When Sandeep Bakshi took charge as the MD & CEO of ICICI Bank in October 2018, the bank was in a volatile state. Yet, he guided the bank to a quick turnaround and delivered the goods. Now, against the backdrop of Covid-19 pandemic, it seems that the bank's growth story will take a pause as the management has changed its outlook from optimistically cautious to extremely cautious in March quarter (Q4). While the change in stance is good in the current situation, it will have an impact on financials.
Unlike its private peers, ICICI Bank is also more watchful of the emerging situation as compared to peers. HDFC Bank and Axis Bank, for instance, said they would aim to maintain market-leading/decent growth.
ICICI Bank provided Rs 2,725 crore for likely asset quality disruption due to Covid-19. This took the provisioning cost higher to Rs 5,967 crore, up 9.5 per cent year-on-year and 186 per cent, sequentially. It also ate into its net profit, which at Rs 1,221 crore grew by 26 per cent yoy, but was down 71 per cent, sequentially. After a strong December quarter, Q4’s net profit disappointed analysts.
Gross non-performing assets (NPA) and net NPA ratio shrank to 5.53 per cent and 1.41 per cent from 5.95 per cent and 1.49 per cent, respectively, in Q3. Save for two large overseas accounts – a healthcare company and oil company, recognised as NPA, slippages may not have risen to Rs 5,306 crore in Q4, up 21 per cent sequentially. Yet, calling Q4 as an aberration on the bank’s improving asset quality may be jumping the gun.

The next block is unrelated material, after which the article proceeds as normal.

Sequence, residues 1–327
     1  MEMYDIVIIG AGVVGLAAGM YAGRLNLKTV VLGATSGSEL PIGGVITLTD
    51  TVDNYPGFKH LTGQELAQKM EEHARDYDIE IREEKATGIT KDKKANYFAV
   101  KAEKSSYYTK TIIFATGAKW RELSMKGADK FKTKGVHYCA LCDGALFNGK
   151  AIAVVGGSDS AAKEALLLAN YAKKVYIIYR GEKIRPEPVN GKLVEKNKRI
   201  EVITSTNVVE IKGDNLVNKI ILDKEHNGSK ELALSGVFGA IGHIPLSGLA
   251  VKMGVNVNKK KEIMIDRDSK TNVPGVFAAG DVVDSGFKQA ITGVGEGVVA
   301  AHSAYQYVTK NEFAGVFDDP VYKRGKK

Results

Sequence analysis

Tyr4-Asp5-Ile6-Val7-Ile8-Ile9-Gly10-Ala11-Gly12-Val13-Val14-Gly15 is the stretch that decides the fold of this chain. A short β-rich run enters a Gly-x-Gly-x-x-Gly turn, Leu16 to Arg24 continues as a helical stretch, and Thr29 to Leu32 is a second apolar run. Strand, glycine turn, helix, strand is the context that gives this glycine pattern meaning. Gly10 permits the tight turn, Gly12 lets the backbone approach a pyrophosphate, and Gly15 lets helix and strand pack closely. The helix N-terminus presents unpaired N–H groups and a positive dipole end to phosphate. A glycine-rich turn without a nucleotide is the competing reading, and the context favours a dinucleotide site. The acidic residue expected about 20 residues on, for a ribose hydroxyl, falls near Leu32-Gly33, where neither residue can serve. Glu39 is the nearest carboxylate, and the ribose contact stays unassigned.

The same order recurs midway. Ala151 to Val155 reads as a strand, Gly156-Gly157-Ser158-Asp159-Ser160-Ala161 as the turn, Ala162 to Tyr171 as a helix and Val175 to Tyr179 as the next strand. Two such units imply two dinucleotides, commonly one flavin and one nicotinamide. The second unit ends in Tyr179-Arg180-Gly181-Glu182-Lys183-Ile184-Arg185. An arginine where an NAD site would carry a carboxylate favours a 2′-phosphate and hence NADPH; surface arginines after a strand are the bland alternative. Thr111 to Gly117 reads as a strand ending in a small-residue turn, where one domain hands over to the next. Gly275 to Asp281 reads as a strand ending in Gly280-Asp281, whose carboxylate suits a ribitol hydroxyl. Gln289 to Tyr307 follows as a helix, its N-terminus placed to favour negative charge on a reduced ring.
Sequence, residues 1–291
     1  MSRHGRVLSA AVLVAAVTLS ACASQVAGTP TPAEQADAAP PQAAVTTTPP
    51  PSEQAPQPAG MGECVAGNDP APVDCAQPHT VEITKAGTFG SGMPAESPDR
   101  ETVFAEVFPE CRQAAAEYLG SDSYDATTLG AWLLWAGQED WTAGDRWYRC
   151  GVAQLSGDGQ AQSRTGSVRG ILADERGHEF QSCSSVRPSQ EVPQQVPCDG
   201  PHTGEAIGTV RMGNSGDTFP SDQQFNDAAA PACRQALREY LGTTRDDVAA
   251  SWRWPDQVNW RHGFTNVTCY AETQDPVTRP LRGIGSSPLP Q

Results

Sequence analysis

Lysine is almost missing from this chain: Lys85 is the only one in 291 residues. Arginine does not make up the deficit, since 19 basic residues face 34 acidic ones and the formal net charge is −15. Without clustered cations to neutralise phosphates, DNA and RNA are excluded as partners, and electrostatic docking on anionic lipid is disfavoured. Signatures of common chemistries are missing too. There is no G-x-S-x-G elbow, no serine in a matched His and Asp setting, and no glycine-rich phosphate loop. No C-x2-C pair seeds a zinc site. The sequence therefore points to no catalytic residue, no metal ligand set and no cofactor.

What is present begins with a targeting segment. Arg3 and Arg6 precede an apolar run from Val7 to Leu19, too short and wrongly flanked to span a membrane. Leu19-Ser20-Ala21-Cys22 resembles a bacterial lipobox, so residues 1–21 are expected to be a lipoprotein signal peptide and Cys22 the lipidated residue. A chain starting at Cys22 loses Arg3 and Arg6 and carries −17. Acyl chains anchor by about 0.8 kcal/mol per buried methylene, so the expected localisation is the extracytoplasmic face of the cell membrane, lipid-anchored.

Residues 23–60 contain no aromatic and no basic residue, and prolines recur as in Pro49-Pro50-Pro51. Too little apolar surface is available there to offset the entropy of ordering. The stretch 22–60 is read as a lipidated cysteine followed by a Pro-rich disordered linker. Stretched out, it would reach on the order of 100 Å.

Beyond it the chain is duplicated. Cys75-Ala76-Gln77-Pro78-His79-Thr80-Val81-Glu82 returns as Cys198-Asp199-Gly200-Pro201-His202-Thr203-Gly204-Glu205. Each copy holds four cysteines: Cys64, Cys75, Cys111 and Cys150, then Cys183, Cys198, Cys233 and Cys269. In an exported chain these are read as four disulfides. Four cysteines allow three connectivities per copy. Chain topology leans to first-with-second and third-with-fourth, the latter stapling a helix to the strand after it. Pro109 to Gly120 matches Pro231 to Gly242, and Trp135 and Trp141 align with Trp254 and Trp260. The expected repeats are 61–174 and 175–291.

The share of its below investment grade book (BB and lower rated accounts) dipped by 4 per cent sequentially to Rs 16,668 crore in Q4. However, analysts at Motilal Oswal Financial Services feel that in the current operating environment, share of these loans may increase. Credit cost could remain elevated at 2.2 per cent in FY21. However, there has been an uptick in the share of SMEs, personal and credit card loans. So, these will also need monitoring.
Meanwhile, whether the bank gets comfort from loan growth to keep its asset quality under check is doubtful given the cautious management commentary. “The focus now is preserving capital and enhancing deposits,” said Sandeep Batra, president, ICICI Bank, in a media call. He also suggested that credit demand is quite weak. “Its not a question of tightening the belt, demand itself has come off,” he said. With 63 per cent of its loan book aligned to retail loans, if the segment doesn’t keep pace with 15 – 18 per cent past run-rate, overall growth and profitability will plunge. Banks generate fee income by processing new loans, and Q4 saw fee income stay flat sequentially.
Rajiv Mehta of YES Securities feels that such a cautious commentary could spook the markets. Also, with 30 per cent of the bank’s loan under moratorium, how investors will react to it needs to be seen. ICICI Bank stock has corrected 37 per cent in three months. But investors should not rush into it. Waiting for a turnaround in credit demand may be prudent.